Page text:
Nonprofits issue case statements to potential donors when embarking on fundraising campaigns. Because nonprofit organizations rely primarily on the generosity of donors, they must provide donors with information about the specifics of new projects, programs and campaigns. Moreover, nonprofit case statements may ask donors for support regarding everyday operating expenses.
Donors and Case Statements
Nonprofit organizations receive funding from a variety of sources. Thus, case statements may be given to individual donors, corporate donors, government agencies and other nonprofit organizations such as foundations. Case statements may be issued to potential donors and existing donors alike. Some nonprofits issue different versions of a case statement, as corporate donors and individual donors may respond to different appeals. Generally, effective case statements are succinct and concise in order to keep readers' interest and attention.
History and Mission
Typically, case statements explain a nonprofit's history, such as who founded the nonprofit and when. To gain potential donors' trust, a case statement may inform donors of an organization's past successful efforts and how it met the needs of the demographic it serves. A case statement may also include a description of an organization's overall mission including its future plans and what it intends to do with donations.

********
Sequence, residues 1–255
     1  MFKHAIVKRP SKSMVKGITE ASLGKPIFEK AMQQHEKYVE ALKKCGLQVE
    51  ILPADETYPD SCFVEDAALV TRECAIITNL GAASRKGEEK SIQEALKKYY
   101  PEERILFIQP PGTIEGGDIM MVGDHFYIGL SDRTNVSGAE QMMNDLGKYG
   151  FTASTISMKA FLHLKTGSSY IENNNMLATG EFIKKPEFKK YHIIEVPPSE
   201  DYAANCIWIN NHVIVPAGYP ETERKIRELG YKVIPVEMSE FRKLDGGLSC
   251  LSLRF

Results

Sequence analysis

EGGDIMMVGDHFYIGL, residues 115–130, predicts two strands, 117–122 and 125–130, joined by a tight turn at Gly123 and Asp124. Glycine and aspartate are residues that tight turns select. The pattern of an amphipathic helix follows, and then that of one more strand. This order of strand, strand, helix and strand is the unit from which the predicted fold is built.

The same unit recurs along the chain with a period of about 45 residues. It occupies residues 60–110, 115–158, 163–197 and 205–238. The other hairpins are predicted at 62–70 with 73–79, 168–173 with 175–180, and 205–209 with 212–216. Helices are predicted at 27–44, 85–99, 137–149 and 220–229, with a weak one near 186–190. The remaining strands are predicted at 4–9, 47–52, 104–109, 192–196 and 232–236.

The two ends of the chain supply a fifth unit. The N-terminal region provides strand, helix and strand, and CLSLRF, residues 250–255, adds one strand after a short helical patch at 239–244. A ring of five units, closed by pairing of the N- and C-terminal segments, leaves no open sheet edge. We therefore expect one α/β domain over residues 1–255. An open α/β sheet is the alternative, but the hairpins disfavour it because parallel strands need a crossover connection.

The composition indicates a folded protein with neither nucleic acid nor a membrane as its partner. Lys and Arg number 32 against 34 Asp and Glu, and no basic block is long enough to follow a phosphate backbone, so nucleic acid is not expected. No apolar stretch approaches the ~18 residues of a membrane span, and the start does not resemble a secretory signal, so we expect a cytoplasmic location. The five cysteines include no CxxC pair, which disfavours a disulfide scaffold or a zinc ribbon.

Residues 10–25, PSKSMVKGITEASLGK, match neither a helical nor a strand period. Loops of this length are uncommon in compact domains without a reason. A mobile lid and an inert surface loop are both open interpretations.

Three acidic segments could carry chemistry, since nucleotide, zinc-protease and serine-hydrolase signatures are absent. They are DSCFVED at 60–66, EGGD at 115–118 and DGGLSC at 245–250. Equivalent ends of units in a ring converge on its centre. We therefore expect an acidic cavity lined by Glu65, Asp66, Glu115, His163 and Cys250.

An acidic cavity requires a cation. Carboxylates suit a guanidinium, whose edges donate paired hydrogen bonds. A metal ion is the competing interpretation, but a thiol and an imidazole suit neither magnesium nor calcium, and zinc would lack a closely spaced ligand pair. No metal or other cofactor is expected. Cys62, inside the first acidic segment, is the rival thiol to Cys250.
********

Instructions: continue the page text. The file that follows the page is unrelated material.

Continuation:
Urgency of Need and Uniqueness
Case statements may include an expression of urgency regarding the needs of the individuals, groups or communities it serves. For example, a nonprofit seeking donations to fight hunger may include the specifics of the impact of a natural disaster and its effect on a particular community or region. Moreover, a case statement may describe how a particular nonprofit is unique and what sets it apart from others.
A nonprofit may provide donors with financial information in a case statement, such as how much it has received in donations since its inception. Furthermore, a case statement may include information regarding a nonprofit's governance -- such as who serves on its board of directors -- the size of its staff and how much it requires to meet its general operating needs.